Althoughe Maudie is a sweet film, I’m not entirely happy with it. Some things I knew going in would bother me, other things crept up on me during the film. Nevertheless I found it entertaining.

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Mark Felt: The Man Who Brought Down the White House (2017)

Mark Felt: The Man Who Brought Down the White House
Director: Peter Landesman
Writer: Peter Landesman
Based on: Mark Felt‘s autobiography (written with John O’Connor)
Cast: Liam Neeson, Diane Lane, Marton Csokas, Tony Goldwyn, Ike Barinholtz, Josh Lucas, Wendi McLendon-Covey, Kate Walsh, Brian d’Arcy James, Maika Monroe, Michael C. Hall, Tom Sizemore, Julian Morris, Bruce Greenwood, Noah Wyle, Eddie Marsan
Seen on: 15.11.2017
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Plot:
Mark Felt (Liam Neeson) expected to be promoted to the head of the FBI when J. Edgar Hoover stepped down. Instead FBI outsider L. Patrick Gray (Marton Csokas) is. But even though he feels resentful about being passed over, it’s Gray’s handling of one of his first cases – a surveillance operation based, apparently, on unofficial orders from the White House – that really sours things for Felt. He decides to bring the information about the Watergate case anonymously. to the public.

Mark Felt: The Man Who Brought Down the White House shows that spying and whistle-blowing can be absolutely boring affairs. So boring, it’s astounding. I am honestly still in a state of disbelief how that happened.

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Eine Flexible Frau [The Drifters] (2010)

Eine Flexible Frau
Director: Tatjana Turanskyj
Writer: Tatjana Turanskyj
Cast: Mira Partecke, Laura Tonke, Franziska Dick, Angelika Sauter, Katharina Bellena, Sven Seeger, Torsten Haase, Fabio Pink
Seen on: 12.11.2017
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Plot:
Greta (Mira Partecke) is an architect and has a son she’s estranged from. When she unexpectedly loses her job, she desperately tries to get back on her feet. Or drink enough that she forgets that she has lost her footing. She doesn’t seem built to participate in the neoliberal gig culture in the city around her, but is there a place that isn’t within that culture?

Eine flexible Frau is somewhere between art film, narration and sociological cinema – and it’s a really good mix at that. It’s challenging cinema, but if you’re willing to let yourself be challenged, you can get a lot out of it.

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God’s Own Country (2017)

God’s Own Country
Director: Francis Lee
Writer: Francis Lee
Cast: Josh O’ConnorAlec Secareanu, Ian Hart, Gemma Jones, Harry Lister Smith
Seen on: 8.11.2017
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Plot:
Johnny (Josh O’Connor) lives with his parents Deirdre (Gemma Jones) and Martin (Ian Hart) on their farm. They spend their days working hard and at night, Johnny takes off to the local bar where he drinks way too much and hooks up with random strangers. But when Romanian farm hand Gheorghe (Alex Secareanu) makes his way to the farm, it pushes Johnny on a new, unexpected path.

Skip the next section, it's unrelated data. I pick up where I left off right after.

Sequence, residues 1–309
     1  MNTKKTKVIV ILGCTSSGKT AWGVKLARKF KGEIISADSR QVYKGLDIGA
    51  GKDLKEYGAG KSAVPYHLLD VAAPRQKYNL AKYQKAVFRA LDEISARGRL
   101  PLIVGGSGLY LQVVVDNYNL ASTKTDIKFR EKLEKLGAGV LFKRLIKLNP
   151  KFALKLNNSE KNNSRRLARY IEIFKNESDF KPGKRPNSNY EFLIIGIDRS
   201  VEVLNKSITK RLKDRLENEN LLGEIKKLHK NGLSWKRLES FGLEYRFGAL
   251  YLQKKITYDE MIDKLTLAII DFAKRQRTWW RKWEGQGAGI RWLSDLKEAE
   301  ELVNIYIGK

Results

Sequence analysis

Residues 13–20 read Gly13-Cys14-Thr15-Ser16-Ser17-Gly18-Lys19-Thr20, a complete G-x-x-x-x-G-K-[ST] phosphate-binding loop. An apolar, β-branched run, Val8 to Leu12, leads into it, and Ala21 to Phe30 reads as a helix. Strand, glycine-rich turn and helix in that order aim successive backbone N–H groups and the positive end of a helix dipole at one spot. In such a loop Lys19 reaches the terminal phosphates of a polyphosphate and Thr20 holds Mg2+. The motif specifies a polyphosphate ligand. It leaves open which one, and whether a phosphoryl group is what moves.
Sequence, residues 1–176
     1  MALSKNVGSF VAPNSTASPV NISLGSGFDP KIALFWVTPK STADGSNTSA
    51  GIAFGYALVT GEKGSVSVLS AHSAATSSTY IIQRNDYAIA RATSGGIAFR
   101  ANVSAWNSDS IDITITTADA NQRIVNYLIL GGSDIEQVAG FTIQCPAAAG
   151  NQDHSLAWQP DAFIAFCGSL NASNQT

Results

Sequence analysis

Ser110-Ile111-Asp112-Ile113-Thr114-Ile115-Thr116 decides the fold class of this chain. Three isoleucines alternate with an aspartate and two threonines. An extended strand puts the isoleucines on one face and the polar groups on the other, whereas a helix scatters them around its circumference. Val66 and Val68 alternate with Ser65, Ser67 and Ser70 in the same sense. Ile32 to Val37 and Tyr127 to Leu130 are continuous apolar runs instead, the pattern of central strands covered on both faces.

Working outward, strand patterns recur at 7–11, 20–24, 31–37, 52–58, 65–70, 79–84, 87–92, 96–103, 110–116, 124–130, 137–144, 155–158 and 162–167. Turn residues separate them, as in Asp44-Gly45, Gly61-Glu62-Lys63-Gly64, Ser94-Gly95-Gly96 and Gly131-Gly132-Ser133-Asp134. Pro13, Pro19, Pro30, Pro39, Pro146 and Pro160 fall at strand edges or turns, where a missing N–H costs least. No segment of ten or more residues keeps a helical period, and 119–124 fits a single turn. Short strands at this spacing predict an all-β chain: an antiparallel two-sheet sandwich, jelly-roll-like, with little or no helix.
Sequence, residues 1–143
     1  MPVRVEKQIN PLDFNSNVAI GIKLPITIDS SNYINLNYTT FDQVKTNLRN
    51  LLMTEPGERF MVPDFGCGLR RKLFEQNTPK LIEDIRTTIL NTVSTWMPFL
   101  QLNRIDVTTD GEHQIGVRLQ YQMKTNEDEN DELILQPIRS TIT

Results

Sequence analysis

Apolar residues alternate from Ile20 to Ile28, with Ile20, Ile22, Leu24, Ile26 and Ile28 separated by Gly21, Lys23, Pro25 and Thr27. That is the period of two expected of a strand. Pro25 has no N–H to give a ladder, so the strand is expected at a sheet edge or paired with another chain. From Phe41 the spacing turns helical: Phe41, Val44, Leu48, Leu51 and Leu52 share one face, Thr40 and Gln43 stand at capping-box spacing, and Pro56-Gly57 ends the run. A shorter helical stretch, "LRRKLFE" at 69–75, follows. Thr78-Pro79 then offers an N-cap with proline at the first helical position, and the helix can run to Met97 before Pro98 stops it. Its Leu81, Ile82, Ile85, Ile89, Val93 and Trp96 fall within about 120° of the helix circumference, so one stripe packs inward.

God’s Own Country is a beautiful, touching film with great characters and a gay love story that actually gets to have a happy ending which is way too rare. I really loved it.

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Geostorm (2017)

Geostorm
Director: Dean Devlin
Writer: Dean Devlin, Paul Guyot
Cast: Gerard Butler, Jim Sturgess, Abbie CornishAlexandra Maria LaraDaniel WuEugenio DerbezAmr WakedAdepero OduyeAndy GarciaEd HarrisRobert SheehanRichard SchiffMare WinninghamZazie Beetz
Seen on: 7.11.2017
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Plot:
To control climate change, the world has teamed up and created a network of satellites that can control the weather itself. But when the satellites are weaponized, Max (Jim Sturgess), who is in charge of the satellite program for the US government, knows that he has to get his brother Jake (Gerard Butler) on board to help: Jake developed the program and knows it like no other, but he was discharged and replaced by Max, so he may not be entirely inclined to go up into space to fix stuff. And of course, the question remains who is weaponizing the weather in the first place.

Geostorm is really the perfect movie to get drunk to: if you, like me, don’t spend a minute really thinking about it, in fact, if you don’t take it seriously at all, you’re going to have a blast with it. I sure did.

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Thor: Ragnarok (2017)

Thor: Ragnarok
Director: Taika Waititi
Writer: Eric Pearson, Craig Kyle, Christopher L. Yost
Based on: Stan Lee‘s, Larry Lieber‘s and Jack Kirby‘s comic character
Sequel to: Thor, Thor: The Dark World
Cast: Chris Hemsworth, Tom HiddlestonMark Ruffalo, Cate Blanchett, Idris Elba, Jeff Goldblum, Tessa Thompson, Karl Urban, Anthony Hopkins, Benedict Cumberbatch, Taika Waititi, Rachel House, Clancy Brown, Tadanobu Asano, Ray Stevenson, Zachary Levi, Luke Hemsworth, Sam Neill, Matt Damon, Ken Watanabe
Part of: Marvel movies
Seen on: 4.11.2017
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Plot:
Thor (Chris Hemsworth) is fighting to prevent Ragnarok – the end of the world. Having successfully defeated the demon Surtur, he returns to Asgard, only to find Loki (Tom Hiddleston) posing as their father Odin (Anthony Hopkins). After having located the real Odin, he tells Thor and Loki that Ragnarok is still coming: the real threat is their sister Hela (Cate Blanchett). It doesn’t take long for Hela to appear and show how much of a threat she really is.

Thor: Ragnarok is probably the best Marvel film to date. It’s entertaining, full of queer (and also straight) aesthetics and had me in literal tears it’s so funny. It’s absolutely lovely.